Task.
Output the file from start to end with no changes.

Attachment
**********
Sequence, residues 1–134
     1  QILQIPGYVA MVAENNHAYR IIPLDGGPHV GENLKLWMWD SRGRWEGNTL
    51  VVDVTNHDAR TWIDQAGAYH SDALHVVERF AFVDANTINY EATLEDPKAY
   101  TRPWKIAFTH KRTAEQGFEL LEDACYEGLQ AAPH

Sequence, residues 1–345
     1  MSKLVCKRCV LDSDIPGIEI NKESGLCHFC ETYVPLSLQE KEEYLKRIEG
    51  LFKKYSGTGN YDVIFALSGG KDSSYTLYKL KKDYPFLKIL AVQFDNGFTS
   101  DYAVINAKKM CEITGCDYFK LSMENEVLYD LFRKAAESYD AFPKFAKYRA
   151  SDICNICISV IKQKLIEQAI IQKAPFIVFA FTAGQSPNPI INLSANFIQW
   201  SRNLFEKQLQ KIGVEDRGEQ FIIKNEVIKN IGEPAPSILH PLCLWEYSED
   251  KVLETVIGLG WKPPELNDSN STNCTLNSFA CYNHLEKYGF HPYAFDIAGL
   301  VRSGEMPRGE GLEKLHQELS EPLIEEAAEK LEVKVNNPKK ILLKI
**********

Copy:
Sequence, residues 1–134
     1  QILQIPGYVA MVAENNHAYR IIPLDGGPHV GENLKLWMWD SRGRWEGNTL
    51  VVDVTNHDAR TWIDQAGAYH SDALHVVERF AFVDANTINY EATLEDPKAY
   101  TRPWKIAFTH KRTAEQGFEL LEDACYEGLQ AAPH

Sequence, residues 1–345
     1  MSKLVCKRCV LDSDIPGIEI NKESGLCHFC ETYVPLSLQE KEEYLKRIEG
    51  LFKKYSGTGN YDVIFALSGG KDSSYTLYKL KKDYPFLKIL AVQFDNGFTS
   101  DYAVINAKKM CEITGCDYFK LSMENEVLYD LFRKAAESYD AFPKFAKYRA
   151  SDICNICISV IKQKLIEQAI IQKAPFIVFA FTAGQSPNPI INLSANFIQW
   201  SRNLFEKQLQ KIGVEDRGEQ FIIKNEVIKN IGEPAPSILH PLCLWEYSED
   251  KVLETVIGLG WKPPELNDSN STNCTLNSFA CYNHLEKYGF HPYAFDIAGL
   301  VRSGEMPRGE GLEKLHQELS EPLIEEAAEK LEVKVNNPKK ILLKI